We can assume that the Browns signing Kenny Britt means that Terrelle Pryor is not returning. Keep doing you, Browns. Obviously, this makes no sense to me, but let’s break it down for Fantasy Football purposes. Britt’s numbers were quite impressive when you consider his quarterback play last year. Now, Britt goes to another quarterback mess, but is once again the team’s top receiver. Britt was Fantasy’s WR25 last season with 1,002 yards and five touchdowns. That included a 14.7 yards per catch mark after 18.9 and 15.6 the two previous seasons. At 6’3″, 215 pounds, Britt is a tough matchup with the size to out-muscle defenders and the speed to beat them to the ball. That will help Britt succeed, but with complete uncertainty at the quarterback position in Cleveland (as of today), last year’s numbers are likely Britt’s ceiling. He’s a WR3; although, if the Browns surprise us with a competent quarterback, Britt could near the WR2/3 border.

Mike Glennon signs with the Bears

“He’s this year’s Brock Osweiler.” I’m sure that you’ve heard that already, and while I’m not guaranteeing that it’s true, it’s easy to draw the similarities. Let’s analyze Glennon on his own merits, though. He performed admirably in his time as starter for the Buccaneers before Jameis Winston arrived. However, with his game come some concerns. Glennon drops back deep more often than not (seven-steps over four-steps) and struggles with his deep ball… and honestly, “struggles” might be a bit kind. Glennon is a game manager. Don’t ask him to be aggressive and put a team on his shoulders, and he can succeed. It’s when you ask him to do more that his flaws are evident. We don’t have a large book on Glennon, but what we’ve seen so far also adds concern given his new team. If he’s going to be a game manager, that’s acceptable if he has weapons around him. However, Alshon Jeffery is off to free agency and Kevin White can’t stay healthy. Cameron Meredith and the rest are nice secondary receivers, but at least Osweiler has DeAndre Hopkins. Don’t expect Glennon to surpass 4,000 passing yards or throw for more than the low-20s in touchdowns, which means he’s not Fantasy Football worthy outside of two-QB leagues.

Patriots trade for Dwayne Allen

This is very similar to the Martellus Bennett trade from last year. The Dwayne Allen trade clears things up for Jack Doyle, who is now a TE1. It creates similar value, maybe a slight boost, to what Allen had previously. The Patriots love their two-tight end sets, and Allen will have his opportunities, but his real value will come if/when Rob Gronkowski gets hurt and misses time. Allen is just a mid-level TE2 but the only “tight end handcuff” out there.

Kenny Stills stays with the Dolphins

Stills posted a ridiculous reception-to-touchdown mark last year, which is obviously unsustainable. The good news is there is room to develop in his game with the Dolphins under Adam Gase. Watching film, it was surprising to see just how much Stills ran out of the slot last year with Jarvis Landry on the team. Stills did a good job of gaining separation, but you can see that he still needs to improve out of his breaks. Stills often loses speed of out breaks, allowing defenders to recover. Stills obviously is a great deep threat, but he needs to add the out routes and quality breaks to his game to be a complete receiver. If he does, Stills can be a solid WR3 with upside for more, which means DeVante Parker and Leonte Carroo will fight for the No. 3 role on this team and be occasional DFS options instead of being seasonal-worthy… at least until Landry possibly departs in free agency and one of them can step up.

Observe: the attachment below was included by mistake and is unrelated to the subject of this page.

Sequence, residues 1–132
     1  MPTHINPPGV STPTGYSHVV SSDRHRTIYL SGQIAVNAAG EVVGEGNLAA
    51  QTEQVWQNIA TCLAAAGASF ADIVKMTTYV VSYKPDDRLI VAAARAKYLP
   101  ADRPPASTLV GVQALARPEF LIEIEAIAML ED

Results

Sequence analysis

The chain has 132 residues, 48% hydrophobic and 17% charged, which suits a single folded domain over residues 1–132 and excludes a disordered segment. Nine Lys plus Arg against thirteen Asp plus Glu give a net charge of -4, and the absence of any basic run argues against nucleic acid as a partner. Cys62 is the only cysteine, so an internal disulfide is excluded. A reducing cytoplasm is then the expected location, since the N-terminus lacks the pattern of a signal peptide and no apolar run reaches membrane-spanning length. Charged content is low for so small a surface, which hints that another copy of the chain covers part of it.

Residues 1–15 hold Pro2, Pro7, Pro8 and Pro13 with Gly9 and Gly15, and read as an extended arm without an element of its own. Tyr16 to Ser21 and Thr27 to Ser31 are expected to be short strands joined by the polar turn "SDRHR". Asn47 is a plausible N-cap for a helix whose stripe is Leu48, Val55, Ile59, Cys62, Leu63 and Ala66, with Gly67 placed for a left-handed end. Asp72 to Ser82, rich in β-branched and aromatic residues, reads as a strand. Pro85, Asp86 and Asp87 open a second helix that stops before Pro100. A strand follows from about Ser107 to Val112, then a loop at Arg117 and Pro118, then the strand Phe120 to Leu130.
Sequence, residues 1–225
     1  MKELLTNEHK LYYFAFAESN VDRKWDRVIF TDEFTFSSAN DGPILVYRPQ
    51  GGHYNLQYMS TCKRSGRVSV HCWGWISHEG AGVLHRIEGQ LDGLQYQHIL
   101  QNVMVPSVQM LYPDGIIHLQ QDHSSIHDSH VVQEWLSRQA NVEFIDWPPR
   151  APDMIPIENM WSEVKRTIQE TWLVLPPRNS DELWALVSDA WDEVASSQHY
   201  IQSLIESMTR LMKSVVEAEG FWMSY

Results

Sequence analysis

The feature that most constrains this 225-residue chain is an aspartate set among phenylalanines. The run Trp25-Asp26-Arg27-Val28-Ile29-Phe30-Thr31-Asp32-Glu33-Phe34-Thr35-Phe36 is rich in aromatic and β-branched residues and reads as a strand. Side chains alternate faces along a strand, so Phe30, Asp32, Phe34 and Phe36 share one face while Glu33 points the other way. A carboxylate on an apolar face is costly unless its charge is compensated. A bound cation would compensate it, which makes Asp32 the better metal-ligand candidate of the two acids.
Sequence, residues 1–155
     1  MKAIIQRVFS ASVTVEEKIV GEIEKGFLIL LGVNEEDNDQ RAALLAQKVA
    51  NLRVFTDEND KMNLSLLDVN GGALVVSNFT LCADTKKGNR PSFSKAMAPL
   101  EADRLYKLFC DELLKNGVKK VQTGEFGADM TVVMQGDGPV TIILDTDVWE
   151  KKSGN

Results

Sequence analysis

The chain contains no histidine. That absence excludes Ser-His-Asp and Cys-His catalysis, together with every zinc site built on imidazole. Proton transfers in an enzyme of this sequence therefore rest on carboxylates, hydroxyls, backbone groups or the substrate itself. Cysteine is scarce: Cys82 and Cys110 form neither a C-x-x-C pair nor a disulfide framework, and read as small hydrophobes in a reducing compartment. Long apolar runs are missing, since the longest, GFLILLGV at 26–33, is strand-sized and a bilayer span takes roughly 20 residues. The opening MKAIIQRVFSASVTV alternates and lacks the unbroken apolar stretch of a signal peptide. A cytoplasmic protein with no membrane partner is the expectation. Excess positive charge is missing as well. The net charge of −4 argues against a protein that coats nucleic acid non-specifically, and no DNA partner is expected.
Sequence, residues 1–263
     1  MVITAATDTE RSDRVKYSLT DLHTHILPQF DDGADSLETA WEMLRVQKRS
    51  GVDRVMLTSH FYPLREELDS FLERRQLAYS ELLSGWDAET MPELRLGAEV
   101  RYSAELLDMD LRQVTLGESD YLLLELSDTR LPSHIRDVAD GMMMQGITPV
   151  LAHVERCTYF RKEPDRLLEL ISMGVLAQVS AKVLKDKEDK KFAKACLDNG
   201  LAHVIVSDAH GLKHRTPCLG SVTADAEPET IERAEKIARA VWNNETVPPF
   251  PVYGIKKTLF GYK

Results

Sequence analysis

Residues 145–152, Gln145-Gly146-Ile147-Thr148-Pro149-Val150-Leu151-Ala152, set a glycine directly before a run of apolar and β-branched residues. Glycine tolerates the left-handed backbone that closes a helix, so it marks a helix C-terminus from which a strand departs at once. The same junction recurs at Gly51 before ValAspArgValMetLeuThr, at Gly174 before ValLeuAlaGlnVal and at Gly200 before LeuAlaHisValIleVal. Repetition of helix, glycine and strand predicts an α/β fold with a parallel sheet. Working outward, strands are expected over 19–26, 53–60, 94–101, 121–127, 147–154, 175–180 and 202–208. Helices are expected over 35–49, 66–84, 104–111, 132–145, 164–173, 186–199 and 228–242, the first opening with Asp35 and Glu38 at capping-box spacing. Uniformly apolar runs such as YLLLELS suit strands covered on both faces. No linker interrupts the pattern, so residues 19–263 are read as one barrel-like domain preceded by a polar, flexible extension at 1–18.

Ravens sign Danny Woodhead

Well, this hurts fans of Kenneth Dixon like myself. On the bright side, it likely means that the Ravens will treat Dixon as the lead back, but we (and the Ravens) know just how good Danny Woodhead is in the passing game, which means Woodhead will absorb the vast majority of those opportunities. For Fantasy, we also know that Woodhead has not only been a fringe RB1 in PPR, but because of his volume and ability, he’s been a high-end RB2. The Ravens surprisingly throw as much as the Chargers did/do. Woodhead has health concerns returning from injury, but if he is anywhere near 100 percent, he can once again be a strong RB2 in PPR and standard scoring. As for Dixon, he’s a RB2 in standard as well, albeit on the lower end with this signing. He is explosive and good after contact, which will help him put up solid numbers. Dixon carries risk, however, as Terrence West could take away touches if Dixon falters, as uninspiring as West may be.

Update: Dixon has been suspended for the first four games of the season. Woodhead is now in the fringe RB1 conversation in PPR leagues, as he will see a heavy share of the work, even running the ball. This of course will change if the Ravens add another running back to the mix via free agency or the draft.